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Kolinski appointed to fill Schostak's trustee seat

By Dana Casadei


Chris Kolinski was officially appointed to the Bloomfield Township Board of Trustees at their meeting on Tuesday, September 26, filling the vacancy left by the appointment of Michael Schostak to the treasurer position.


“I’m grateful for the opportunity to serve, as well as continue to serve Bloomfield Township,” Kolinski told the board during his three-minute presentation. 


During the board of trustees meeting, eight applicants – nine were listed in the board packet but one applicant did not show – spoke for three minutes to the board, on whatever they choose to, which ranged from why they decided to apply to criticism of the board’s work and personal stories about why Bloomfield Township means so much to them. 


Many of those who spoke to the board made it clear that they were not coming to this open position with any kind of agenda but as residents who truly wanted to help the township, no matter whether they had lived their decades or only a few years. 


Those new to the township, such as Margo Cargill and Czara Venegas, may not have had the decades of familiarity with the area that others did, but both spoke with passion about moving the township forward, bringing backgrounds that have taken them all over the world and using what they’ve learned to do just that.


While a few trustees did mention that they could see the value in getting someone new, others noted they wanted someone familiar with the township and the role to fill Schostak’s seat, with an added bonus for anyone who had prior experience on Bloomfield Township boards and committees.


“For me, when we’re appointing somebody… I’m looking for their connection and involvement with the township, those experiences are important to me,” said trustee Neal Barnett. 


Schostak agreed, mentioning that he wanted someone who had lived in the township and understood its nuances, someone who truly understood the issues and all it would take to be a public servant for the township, an area of work Kolinski is no stranger to.  


Public service is something that Kolinski has been drawn to, and he mentioned the need he felt to serve while working at Ernst & Young was too strong to ignore. He would soon leave the world of finance – which he majored in at Oakland University – in favor of night school to become a paramedic before becoming a career firefighter, a career he’s now worked in for over a decade. 


Kolinski also comes from a family of public servants and grew up in Oakland County. His father was not only a Vietnam veteran but also was a firefighter for over 27 years, and his mother was an elementary school special education teacher.


His former career in finance, as well as a treasurer position with the union executive committee, puts him in a unique position for upcoming negotiations for when many of the township’s union contracts expire in the next few years. 


“So I think somebody who sits on our board, who has sat in a room during negotiations, and has actually sat on the other side of the table, would not only be a strategic advantage for our township, for our board, but for our unions as well,” he said.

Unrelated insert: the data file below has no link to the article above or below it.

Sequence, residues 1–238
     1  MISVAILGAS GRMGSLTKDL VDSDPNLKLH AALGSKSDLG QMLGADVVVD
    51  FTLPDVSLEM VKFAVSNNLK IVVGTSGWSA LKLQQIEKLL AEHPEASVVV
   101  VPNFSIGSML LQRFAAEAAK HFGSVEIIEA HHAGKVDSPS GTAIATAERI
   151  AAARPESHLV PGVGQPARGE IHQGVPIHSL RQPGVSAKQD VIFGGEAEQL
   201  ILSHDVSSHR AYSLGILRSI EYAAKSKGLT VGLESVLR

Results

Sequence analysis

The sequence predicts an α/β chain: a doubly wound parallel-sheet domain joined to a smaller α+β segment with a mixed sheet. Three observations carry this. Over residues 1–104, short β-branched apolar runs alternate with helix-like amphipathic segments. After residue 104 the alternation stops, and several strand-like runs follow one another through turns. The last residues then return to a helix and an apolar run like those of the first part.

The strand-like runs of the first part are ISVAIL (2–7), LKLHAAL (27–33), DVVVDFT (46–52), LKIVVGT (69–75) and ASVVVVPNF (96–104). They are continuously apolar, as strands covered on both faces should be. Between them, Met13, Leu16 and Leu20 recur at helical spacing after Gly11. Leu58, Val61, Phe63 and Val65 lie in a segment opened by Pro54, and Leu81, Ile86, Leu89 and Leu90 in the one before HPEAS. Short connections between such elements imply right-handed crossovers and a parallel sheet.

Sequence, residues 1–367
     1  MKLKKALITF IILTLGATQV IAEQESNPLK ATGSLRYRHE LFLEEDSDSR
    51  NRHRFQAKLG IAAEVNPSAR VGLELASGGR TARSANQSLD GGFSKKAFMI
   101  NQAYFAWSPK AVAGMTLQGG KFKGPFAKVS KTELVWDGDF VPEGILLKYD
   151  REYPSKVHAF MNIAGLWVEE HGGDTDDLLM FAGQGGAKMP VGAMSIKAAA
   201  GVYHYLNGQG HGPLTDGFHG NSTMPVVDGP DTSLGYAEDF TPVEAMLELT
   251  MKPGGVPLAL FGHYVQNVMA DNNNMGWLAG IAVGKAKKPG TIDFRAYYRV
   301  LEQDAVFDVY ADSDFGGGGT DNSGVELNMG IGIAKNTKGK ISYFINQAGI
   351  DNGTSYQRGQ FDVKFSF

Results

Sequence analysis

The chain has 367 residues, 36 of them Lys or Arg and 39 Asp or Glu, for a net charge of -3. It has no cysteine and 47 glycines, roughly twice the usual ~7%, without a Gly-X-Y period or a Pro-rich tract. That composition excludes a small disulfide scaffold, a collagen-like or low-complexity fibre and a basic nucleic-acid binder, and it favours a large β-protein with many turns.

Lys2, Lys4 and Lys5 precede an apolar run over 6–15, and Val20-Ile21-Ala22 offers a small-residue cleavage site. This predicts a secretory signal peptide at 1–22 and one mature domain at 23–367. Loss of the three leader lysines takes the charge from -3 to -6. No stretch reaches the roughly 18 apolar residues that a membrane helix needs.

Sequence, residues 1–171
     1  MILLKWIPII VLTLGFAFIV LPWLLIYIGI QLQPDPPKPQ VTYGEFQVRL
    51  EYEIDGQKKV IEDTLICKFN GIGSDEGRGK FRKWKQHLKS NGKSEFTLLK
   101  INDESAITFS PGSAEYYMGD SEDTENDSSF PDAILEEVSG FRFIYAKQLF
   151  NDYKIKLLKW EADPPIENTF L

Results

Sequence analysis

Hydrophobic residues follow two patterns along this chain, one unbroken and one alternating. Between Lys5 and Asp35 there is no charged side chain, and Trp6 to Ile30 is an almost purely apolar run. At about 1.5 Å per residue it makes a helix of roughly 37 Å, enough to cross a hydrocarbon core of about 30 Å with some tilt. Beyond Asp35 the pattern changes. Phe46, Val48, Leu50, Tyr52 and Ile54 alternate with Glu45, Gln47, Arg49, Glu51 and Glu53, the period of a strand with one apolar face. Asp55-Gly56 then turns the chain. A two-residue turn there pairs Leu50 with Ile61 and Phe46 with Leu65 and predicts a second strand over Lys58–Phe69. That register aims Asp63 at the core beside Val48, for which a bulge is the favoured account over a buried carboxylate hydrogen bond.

The board of trustees agreed that he would make an excellent asset, taking over for Schostak, who was sworn in at the Bloomfield Township Board of Trustees meeting as treasurer on Monday, August 14, after the resignation of now former treasurer Brian Kepes, was officially, and unanimously, accepted by the board. The board unanimously voted to appoint Schostak to replace him. 


After the applicants’ presentations, the board used a ranking system similar to one they’ve used in the past, with each board member ranking their top four candidates, giving a four for their favorite, a three for their second, and so fourth.


There was close to zero debate about their selections once revealed outlaid into the record, with many noting they were quite encouraged by not only the sheer number of applicants, but the diversity among them. 


“This is a really good position to be in,” supervisor Dani Walsh said about how many applicants there were.


Trustee Valerie Murray noted when she ran in 2020 there were nine candidates for four positions, so this type of turnout was great to see. 


After totaling their rankings, Kolinski was the favorite for four board members, earning him 21 points in total. Ed Ford followed with 12, then Paul Stoychoff and Venegas each earned seven points, respectively.


There was discussion about doing another round of voting to eliminate anyone who wasn’t one of the four above, but Barnett said that given the spread by which Kolinski had won, there didn’t seem like much point in another round – their new trustee had clearly already been selected.


While only one spot was available to be filled on the board of trustees, multiple board members encouraged those who had applied for the trustee position to apply for other boards within the township, including the two roles that will now be vacant with Kolinksi officially joining the board of trustees. 


He formally served as chairman on the township's board of review and was a member of the financial sustainability committee, two positions which are now vacant. 

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